When Filing for an Extension, How Much of My Tax Bill Must I Pay?

Also, how the wash-sale rule affects mutual fund gains and losses.
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If I file an extension form, I have to at least have paid 90% of my estimated tax liability. Does that include the dreaded alternative minimum tax? Also, if I am "eligible" (yippee!) to pay AMT for 1998, but I have already paid more federal taxes than I did in 1997, do I still have to worry about including a check with my extension form to cover 90% of my AMT tax liability for 1998? As a general observation, if I had done my tax return and knew what I had to pay, then why would I need to file an extension? -- Atul Sharan


I think you're confusing the extension rules with the estimated tax rules.

The estimated tax rules require you to pay 100% of 1997's tax or 90% of your 1998 tax bill to avoid being hit with interest and penalties April 15. If you did not meet either of these requirements, you probably should've been making estimated tax payments throughout the year.

If you have decided that you're going to file a

Form 4868 --

Application for Automatic Extension of Time to File U.S. Income Tax Return

for 1998, you must try to calculate your tax bill as accurately as possible. You must include all taxes due when calculating the amount you owe with your extension. That includes the alternative minimum tax and self-employment taxes.

Enter your total tax bill on line 4 of Form 4868. Then on line 5, enter all tax payments you've made throughout the 1998 tax year, including all your withholdings and estimated tax payments. If there is a balance on line 6, then this is the amount you should include with your extension to avoid paying any additional interest and penalties when you file your return in August.

You might want to pay a bit more than you think you owe, just in case you missed something, recommends Bill Fleming of


in Hartford, Conn.

Even if you don't have the money, you can still file for an extension. Just keep in mind you'll owe interest and penalties on the unpaid amount when you finally file your return.

I know April 15 is sneaking up quickly, but this is when errors creep in. People are tired and just rush to get


out. So take some time and try to calculate your final number. You may save yourself some money in the future.

Check out a previous

Tax Forum for more on filing for an extension.

The Wash Sale and Mutual Funds

I buy a mutual fund at $30 and sell it a week later for $29, a $1-per-share loss. I buy the same fund back within 30 days and keep it for the rest of the year. I understand that the loss I incurred cannot be taken because of the wash-sale rule. What if, however, I buy a fund at $30, sell it a week later at $29, buy it back within 30 days at $30 and then sell it a week later at $31? I don't buy this fund again. Can I take the $1-per-share loss against my $1-per-share gain in this scenario since I own no shares of the fund at the end of the year? -- Neal Gladstone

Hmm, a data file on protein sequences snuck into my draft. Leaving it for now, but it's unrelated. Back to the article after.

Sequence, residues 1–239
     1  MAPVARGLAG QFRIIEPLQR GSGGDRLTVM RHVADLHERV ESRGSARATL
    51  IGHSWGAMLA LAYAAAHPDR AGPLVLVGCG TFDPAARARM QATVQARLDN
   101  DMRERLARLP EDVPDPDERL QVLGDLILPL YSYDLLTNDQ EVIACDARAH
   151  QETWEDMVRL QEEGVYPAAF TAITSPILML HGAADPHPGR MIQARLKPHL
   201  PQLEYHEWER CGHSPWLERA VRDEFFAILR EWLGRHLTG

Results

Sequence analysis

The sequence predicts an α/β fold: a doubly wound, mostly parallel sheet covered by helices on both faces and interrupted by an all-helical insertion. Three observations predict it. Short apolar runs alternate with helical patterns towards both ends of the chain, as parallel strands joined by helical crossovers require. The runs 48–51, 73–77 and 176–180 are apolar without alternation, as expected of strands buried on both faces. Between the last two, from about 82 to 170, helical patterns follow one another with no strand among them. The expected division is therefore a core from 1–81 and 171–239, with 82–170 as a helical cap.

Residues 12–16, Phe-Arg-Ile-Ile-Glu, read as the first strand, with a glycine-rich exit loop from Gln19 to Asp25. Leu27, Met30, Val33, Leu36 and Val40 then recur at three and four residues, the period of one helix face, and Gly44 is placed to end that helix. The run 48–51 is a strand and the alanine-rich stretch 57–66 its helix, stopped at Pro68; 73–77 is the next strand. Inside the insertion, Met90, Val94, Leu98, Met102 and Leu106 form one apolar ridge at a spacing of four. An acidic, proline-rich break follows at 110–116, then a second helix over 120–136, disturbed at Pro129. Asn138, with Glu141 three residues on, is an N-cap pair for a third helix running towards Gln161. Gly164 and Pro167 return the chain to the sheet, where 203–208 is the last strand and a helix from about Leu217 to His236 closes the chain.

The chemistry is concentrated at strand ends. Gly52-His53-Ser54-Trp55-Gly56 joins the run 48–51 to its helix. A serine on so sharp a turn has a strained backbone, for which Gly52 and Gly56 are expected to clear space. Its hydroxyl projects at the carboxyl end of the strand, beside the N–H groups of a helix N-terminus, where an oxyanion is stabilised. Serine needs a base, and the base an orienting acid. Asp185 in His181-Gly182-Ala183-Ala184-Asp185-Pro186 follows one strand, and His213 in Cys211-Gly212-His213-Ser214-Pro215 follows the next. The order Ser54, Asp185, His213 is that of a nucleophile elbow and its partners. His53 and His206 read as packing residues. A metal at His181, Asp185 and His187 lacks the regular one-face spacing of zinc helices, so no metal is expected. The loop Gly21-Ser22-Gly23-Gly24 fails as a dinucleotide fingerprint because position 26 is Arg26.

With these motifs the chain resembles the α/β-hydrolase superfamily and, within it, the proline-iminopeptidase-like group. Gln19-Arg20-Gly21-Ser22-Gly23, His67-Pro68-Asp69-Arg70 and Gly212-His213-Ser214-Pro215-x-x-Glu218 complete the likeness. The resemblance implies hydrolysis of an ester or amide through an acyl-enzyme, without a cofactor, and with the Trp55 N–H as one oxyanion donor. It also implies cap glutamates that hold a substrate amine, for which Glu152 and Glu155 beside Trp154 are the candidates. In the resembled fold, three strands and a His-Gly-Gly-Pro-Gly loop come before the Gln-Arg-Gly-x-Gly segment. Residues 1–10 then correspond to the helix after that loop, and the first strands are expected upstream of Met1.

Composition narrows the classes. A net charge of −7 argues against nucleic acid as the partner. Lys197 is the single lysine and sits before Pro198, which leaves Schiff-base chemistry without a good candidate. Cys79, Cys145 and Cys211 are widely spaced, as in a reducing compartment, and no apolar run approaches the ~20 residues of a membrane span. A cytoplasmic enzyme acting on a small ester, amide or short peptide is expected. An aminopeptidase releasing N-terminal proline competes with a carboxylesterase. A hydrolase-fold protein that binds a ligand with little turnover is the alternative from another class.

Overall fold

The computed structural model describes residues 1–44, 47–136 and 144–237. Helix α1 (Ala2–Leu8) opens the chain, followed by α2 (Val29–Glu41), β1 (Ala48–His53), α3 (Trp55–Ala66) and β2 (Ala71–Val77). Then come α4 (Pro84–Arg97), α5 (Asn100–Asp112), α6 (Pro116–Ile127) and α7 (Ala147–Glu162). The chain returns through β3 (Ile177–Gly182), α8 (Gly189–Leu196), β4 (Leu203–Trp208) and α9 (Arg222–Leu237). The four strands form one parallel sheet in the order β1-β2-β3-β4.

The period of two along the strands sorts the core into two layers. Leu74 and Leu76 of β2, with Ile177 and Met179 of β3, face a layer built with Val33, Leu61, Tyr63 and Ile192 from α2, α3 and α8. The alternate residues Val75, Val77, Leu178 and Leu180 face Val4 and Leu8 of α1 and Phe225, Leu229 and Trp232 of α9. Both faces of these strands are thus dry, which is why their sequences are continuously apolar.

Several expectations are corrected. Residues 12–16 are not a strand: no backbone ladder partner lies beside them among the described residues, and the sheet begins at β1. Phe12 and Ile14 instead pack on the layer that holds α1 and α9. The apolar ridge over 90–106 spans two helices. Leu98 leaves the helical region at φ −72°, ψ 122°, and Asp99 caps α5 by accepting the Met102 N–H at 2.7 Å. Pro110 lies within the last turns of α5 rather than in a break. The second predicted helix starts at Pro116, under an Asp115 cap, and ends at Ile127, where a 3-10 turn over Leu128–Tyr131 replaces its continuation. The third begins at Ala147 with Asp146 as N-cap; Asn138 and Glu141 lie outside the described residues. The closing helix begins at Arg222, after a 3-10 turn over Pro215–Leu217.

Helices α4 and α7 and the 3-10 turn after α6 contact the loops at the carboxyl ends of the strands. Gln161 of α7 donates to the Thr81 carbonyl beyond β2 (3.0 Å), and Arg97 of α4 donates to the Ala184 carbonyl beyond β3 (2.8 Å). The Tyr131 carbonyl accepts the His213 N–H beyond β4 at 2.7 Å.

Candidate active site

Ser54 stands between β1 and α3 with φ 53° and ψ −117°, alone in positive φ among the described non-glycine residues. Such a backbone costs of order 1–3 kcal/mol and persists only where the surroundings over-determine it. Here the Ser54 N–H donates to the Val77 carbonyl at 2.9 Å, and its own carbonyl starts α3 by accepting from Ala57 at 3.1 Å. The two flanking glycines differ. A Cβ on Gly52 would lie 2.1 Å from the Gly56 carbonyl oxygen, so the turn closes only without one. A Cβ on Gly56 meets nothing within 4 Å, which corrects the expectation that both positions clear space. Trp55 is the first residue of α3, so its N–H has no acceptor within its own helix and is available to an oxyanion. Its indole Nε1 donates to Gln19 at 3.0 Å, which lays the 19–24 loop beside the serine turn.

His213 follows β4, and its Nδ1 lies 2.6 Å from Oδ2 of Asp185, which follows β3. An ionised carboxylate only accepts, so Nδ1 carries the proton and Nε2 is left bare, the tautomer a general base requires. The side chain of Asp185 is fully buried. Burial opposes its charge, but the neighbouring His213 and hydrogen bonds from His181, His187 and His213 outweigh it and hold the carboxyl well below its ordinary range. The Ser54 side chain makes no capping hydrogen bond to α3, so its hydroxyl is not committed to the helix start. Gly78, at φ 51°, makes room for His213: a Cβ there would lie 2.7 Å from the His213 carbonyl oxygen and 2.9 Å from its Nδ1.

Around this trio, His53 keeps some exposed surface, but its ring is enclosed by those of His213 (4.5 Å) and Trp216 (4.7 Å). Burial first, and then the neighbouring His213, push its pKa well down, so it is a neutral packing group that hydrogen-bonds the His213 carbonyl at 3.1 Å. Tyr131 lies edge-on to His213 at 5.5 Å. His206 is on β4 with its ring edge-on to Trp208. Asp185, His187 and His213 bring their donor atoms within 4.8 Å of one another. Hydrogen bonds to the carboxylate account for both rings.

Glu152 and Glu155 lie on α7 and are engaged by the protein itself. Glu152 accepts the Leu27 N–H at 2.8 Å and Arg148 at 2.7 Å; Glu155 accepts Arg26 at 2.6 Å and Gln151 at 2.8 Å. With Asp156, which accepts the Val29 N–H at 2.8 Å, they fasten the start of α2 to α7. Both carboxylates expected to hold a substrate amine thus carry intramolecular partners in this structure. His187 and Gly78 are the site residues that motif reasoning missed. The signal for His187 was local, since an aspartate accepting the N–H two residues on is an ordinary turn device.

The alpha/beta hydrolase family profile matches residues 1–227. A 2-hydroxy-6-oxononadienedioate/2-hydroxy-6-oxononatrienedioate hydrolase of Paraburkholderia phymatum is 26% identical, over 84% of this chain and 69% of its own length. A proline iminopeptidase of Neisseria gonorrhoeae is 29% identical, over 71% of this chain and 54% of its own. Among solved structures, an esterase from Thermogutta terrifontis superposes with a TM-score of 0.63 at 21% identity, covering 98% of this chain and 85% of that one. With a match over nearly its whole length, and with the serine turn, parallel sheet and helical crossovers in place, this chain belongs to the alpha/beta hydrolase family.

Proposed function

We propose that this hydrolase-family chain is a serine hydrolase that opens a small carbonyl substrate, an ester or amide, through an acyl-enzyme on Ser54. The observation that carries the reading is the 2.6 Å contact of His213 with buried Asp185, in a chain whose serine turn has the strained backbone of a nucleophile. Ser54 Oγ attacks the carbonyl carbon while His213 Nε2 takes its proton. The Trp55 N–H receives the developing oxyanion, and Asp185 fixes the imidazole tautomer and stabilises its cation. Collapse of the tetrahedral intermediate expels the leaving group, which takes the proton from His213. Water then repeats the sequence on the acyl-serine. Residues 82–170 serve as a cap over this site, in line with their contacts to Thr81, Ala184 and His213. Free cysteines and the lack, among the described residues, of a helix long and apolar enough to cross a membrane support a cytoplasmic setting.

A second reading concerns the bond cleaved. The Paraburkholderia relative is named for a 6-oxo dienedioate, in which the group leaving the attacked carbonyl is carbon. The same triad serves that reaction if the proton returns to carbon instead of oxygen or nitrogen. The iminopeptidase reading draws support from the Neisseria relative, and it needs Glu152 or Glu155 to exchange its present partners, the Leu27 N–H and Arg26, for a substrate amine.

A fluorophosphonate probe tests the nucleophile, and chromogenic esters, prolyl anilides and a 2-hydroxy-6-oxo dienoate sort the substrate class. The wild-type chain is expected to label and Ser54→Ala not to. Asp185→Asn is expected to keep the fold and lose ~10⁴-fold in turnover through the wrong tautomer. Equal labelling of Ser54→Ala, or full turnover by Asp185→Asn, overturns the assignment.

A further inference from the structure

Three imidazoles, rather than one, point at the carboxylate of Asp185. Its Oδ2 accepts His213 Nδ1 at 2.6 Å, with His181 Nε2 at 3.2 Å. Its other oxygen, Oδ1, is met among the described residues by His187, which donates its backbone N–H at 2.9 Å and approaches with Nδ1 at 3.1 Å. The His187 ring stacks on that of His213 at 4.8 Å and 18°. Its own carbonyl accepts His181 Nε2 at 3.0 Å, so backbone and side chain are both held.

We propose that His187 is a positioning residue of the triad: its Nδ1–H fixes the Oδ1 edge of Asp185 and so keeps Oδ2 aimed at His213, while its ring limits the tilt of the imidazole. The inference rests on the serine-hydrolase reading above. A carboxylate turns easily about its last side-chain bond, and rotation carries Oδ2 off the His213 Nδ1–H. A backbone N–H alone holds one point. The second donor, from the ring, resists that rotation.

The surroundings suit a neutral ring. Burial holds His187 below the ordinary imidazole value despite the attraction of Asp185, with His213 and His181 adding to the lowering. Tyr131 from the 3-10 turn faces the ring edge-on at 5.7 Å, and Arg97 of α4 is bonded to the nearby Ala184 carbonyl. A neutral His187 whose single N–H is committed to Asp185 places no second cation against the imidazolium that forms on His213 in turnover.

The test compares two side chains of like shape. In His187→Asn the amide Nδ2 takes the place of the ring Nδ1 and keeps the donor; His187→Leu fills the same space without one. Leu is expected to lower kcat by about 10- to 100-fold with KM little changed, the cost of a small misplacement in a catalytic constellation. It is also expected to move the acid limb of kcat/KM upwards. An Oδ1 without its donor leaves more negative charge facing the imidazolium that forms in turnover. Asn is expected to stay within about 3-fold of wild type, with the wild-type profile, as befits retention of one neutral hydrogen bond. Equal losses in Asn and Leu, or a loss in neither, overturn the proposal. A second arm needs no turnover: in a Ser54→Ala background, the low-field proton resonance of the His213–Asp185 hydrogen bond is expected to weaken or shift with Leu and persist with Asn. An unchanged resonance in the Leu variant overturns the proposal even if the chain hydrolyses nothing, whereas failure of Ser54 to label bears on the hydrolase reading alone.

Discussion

In your first scenario, you are right. You cannot take that $1 loss because you bought the

substantially identical security back within 30 days of the sale. You can add that $1 loss to the basis of your new purchase, though, notes Jim Calvin, an investment management tax partner at

Deloitte & Touche

in Boston and editor-in-chief of the

Journal of Taxation of Investments


In the second scenario, you actually don't have a loss at all. Although you buy the share back at $30, you can add the disallowed $1 loss to the basis, making it $31, notes Calvin. So now if you sell at $31, there is no loss. You broke even.

But let's say you sell a week later at $30. Now you've generated another $1 loss. As long as you do not get back into the position for the next 30 days, you can take that loss.

Just be careful if you're trading near the end of the year. If you sell the shares at a loss on, say, Dec. 30, 1998, you must have stayed out of the security for 30 days to be able to take the loss in 1998. So if you enter the position again, say on Jan. 6, 1999, you would not be able to claim that loss in 1998.

Charge Your Taxes

We pointed out in February that you have the option of

charging your tax bill. Even though we didn't think it was such a great idea, approximately 5,500 taxpayers have done so through April 2.

But what if your tax bill is larger than your credit card's spending limit? Can you charge a portion? Yep, you can, says Steve Johnson, senior vice president of

U.S. Audiotex

, the company handling credit card payments for the

Internal Revenue Service


All you have to do is dial 1-888-2PAY-TAX. Follow the automated instructions and enter the amount you want to pay with your





American Express

cards. (


isn't participating.) Then just file the difference by check with your tax return, says Johnson. You can include a note with your return explaining that you paid part of the bill by credit card, but it is not required. Do not include your credit card number, stresses Johnson. The IRS does not need to know it.

Your Social Security number tracks your payments, so at the end of the day, the IRS will know whether your bill has been paid.

TSC Tax Forum aims to provide general tax information. It cannot and does not attempt to provide individual tax advice. All readers are urged to consult with an accountant as needed about their individual circumstances.